Once you remove the syrup from the heat, you should let it cool down to 100 degrees Celsius or 212 degrees Fahrenheit, especially when you use a disposable plastic container as a mold.
If you are using a silicone baking mold, pour the syrup in directly.
You may need help pouring the syrup into the mold, one person pouring from the pan and one person controlling the flow with a wooden spatula or equivalent.
Since there are no better words that allow these Puck to cool completely, it takes about two hours depending on how thick the puck is.
Don\'t put them in the refrigerator in order to shorten the cooling time, you may destroy the formation of the crystal and destroy the final product.
Note: The reason why we recommend using silicone baking molds is that it is safer in chemical properties than plastic, can withstand higher temperatures and is very flexible.
The first time we tried using a disposable plastic container suggested by other sources, the results were not very good.
The heating and cooling of the plastic made it brittle and harder to remove the puck, and out of frustration I smashed it on the table and the plastic broke.
So if you have silicone baking molds on hand, please take my advice and use them.
Especially with the silicone donut mold, you will want the hole it left when you start using it, and you will see it in step 5.
Now, there\'s something to do here when you wait for the syrup to cool completely.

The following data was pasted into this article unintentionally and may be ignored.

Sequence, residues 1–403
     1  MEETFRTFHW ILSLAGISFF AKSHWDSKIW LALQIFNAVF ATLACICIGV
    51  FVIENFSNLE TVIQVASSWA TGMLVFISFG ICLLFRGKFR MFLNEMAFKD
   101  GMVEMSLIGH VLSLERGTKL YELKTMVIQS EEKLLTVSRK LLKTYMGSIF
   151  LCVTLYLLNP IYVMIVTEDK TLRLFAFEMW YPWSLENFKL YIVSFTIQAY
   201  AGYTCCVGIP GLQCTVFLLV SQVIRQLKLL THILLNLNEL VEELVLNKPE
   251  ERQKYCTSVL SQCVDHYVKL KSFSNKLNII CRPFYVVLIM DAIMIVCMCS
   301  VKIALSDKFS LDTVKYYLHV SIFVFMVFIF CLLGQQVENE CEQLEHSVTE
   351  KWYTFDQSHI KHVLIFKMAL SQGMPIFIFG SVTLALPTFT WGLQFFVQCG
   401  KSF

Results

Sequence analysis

You can also do this when the syrup is boiling and working to the desired temperature, or at the beginning.
Put corn starch or rice flour in a dry pan and bake in a low to medium flame for about 10 minutes so it doesn\'t turn brown.
Then put it aside and cool along the ice hockey.
Next, bake the peanuts in the same pan until they are cooked.
Once done, just put it into a food processor, blender, and even chop it up with a knife.
You want to chop it up and don\'t turn it into dust or powder like I do.
However, even if you do this, it will not affect the taste, but it will affect the texture of the finished product.
After completion, continue to do other things while things cool.
Now, at the heart of this small project, turn a solid sugar into a soft and delicate hair --like candy.
In the first photo, you can see that if you decide to use a plastic container or silicone cupcake mold, you have to make a hole in the middle.
Your thumb is enough, but in this case you can use the tool of your choice and we used a strong chopstick when we first went.